10. Column "W" - An "x" means a waiting list or waiting period exists for new users. An "a" means new users must apply and be accepted.
  11. Column "P" - An "x" means the forum allows blatant self promotion.


As I am still gathering data, I have left some blank spaces in the Forum Table. In other spaces, where either an "x" or a blank space is called for, a question mark means I don't know. Perhaps you can help me fill in some blanks by leaving a comment.







Dedicated Forums


A forum is designated as "dedicated" when it is primarily designed to discuss a particular topic or narrow range of topics. Here are the dedicated forums that have been included in the Forum Table.






A Few Words on Selected Forums


I happened to stumble across the Hidden Answers Forum on the I2P network a few weeks before I began writing this article. Unfortunately, it has been unreachable the entire time that I have been writing. Many active I2P websites are at times unreachable due to the nature of I2P. I was unable to fill in some details on Hidden Answers from memory, but if my memory is accurate, it is a diverse and interesting I2P forum. I will fill in the details when I can.

Dancing Elephant is the largest forum on the I2P network. Even so, it only has a little over 5600 registered users who have posted over 166,000 messages on over 66,000 topics ranging from I2P, Linux, and security to news, social, and general interest. All of the forums of which I am aware which are not on the clearnet are smaller and have all of the advantages and disadvantages associated with smaller forums.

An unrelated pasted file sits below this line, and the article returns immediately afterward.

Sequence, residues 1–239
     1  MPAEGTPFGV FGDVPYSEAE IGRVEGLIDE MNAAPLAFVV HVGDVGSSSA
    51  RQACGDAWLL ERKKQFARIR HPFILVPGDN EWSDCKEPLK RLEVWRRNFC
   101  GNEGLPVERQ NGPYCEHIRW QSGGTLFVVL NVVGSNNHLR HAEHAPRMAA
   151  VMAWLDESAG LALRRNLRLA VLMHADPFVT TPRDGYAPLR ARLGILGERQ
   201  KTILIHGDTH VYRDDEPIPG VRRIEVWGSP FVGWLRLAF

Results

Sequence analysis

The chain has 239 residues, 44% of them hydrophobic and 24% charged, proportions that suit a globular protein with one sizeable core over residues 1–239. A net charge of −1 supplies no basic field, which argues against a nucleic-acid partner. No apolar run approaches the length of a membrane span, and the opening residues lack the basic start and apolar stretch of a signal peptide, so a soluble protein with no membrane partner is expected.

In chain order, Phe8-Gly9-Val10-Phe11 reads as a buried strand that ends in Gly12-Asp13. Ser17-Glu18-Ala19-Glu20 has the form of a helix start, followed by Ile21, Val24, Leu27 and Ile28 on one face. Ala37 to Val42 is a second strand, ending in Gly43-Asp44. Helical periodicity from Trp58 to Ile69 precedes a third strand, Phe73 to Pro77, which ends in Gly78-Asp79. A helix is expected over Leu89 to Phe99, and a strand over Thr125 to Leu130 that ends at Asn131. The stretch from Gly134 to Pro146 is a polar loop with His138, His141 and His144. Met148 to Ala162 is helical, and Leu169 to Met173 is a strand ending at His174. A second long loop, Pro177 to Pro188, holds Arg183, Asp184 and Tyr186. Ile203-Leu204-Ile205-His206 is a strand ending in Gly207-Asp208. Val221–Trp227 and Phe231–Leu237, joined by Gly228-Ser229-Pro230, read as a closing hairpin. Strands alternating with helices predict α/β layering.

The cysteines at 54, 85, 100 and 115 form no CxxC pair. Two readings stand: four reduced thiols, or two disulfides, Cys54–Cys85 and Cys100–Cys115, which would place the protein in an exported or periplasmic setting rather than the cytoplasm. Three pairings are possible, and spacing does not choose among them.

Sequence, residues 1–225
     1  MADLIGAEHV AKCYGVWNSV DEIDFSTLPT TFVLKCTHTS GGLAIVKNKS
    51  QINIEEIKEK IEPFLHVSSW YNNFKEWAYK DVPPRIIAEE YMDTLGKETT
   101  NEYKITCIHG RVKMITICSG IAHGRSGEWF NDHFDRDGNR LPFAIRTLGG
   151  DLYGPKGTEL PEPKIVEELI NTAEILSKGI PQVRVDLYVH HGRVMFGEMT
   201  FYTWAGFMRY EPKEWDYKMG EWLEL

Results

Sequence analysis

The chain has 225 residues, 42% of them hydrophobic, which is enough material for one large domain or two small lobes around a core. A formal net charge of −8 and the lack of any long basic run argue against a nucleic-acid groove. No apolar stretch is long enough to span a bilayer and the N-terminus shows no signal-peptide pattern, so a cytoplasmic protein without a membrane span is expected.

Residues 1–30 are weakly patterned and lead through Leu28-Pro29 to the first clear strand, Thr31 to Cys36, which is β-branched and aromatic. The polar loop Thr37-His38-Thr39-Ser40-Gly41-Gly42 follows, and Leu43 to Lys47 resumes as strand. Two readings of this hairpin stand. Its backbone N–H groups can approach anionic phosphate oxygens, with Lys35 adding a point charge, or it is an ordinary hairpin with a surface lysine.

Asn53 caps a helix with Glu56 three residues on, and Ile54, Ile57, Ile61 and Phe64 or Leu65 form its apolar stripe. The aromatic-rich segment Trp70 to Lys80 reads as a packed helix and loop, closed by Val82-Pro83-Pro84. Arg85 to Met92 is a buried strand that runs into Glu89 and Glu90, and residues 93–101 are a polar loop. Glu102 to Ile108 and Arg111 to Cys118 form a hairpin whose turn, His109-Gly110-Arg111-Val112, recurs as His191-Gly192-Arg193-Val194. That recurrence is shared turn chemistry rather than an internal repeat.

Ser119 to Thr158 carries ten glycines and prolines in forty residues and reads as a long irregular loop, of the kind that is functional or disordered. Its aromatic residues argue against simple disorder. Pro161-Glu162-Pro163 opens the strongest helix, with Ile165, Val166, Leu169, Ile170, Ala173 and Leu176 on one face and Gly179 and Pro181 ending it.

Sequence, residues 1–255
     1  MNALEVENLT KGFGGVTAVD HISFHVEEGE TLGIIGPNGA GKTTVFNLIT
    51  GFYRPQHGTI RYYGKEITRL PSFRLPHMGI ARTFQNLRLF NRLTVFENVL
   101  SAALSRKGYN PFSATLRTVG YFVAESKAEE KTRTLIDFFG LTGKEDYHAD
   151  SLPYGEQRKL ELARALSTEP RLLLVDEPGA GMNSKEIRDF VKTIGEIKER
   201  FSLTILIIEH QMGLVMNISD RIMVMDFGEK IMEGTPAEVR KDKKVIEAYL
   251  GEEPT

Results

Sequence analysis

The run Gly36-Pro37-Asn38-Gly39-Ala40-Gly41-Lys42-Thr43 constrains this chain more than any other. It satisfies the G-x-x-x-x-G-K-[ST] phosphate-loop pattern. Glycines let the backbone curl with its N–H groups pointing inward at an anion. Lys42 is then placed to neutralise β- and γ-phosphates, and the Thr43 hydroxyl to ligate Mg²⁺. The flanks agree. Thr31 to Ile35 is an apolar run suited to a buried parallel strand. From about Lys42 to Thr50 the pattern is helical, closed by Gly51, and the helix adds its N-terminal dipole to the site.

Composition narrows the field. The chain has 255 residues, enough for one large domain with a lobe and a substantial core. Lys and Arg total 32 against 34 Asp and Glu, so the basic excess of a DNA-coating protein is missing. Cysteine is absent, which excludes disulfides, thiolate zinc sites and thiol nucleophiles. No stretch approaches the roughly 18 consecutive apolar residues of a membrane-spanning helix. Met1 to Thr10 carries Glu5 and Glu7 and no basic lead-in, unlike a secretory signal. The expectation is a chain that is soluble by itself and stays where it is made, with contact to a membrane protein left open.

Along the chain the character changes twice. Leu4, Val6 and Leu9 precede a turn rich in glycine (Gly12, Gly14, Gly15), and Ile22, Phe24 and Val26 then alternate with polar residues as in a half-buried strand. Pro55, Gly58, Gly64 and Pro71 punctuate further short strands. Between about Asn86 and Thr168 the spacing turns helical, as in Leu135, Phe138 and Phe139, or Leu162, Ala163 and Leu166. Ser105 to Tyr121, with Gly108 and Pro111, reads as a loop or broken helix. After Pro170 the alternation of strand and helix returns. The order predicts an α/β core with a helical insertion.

Although I've not spent much time there, Hubski seems to be a small, friendly forum with people who just like to socialize with each other. They seem to know each other fairly well. I gave it a civility rating of "a", because it seems to have that little something extra--kindness, perhaps. In my opinion, we need more of this type of online forum. If this is the type of forum you are looking for, you may want to try it.

For those readers who are into role-playing games like "Dungeons and Dragons", Aelyria is a forum you should look into. Since I felt one site like this would be more than enough for most readers, I didn't include two others in the table: Oddworld Forums and The Interactive Fiction Archive.






Final Words


Finding a place on line where one can feel included and free to discuss issues and ask questions seems to be becoming increasingly important to a growing number of people. Unfortunately, the needs of many go significantly unmet by the very large forums and social networks. Hopefully, I have provided information regarding at lease one or two places that can meet more of the needs of each reader of this article. As I continue to find new forums, I will update the table. So, if you have not found any that appeal to you, you may want to check back in a few months.





Related Articles:

A Death Certificate for Free Speech on the Centralized Internet

6 Reasons for Maintaining Anonymity in Your Online Social Networks

How to Avoid being Tracked and Spied-On while on Line

Going Dark: Looking for the End of the Internet, Part 1

An Introduction to the I2P Distributed, Peer-to-Peer Network

ZeroNet and the Future of the Internet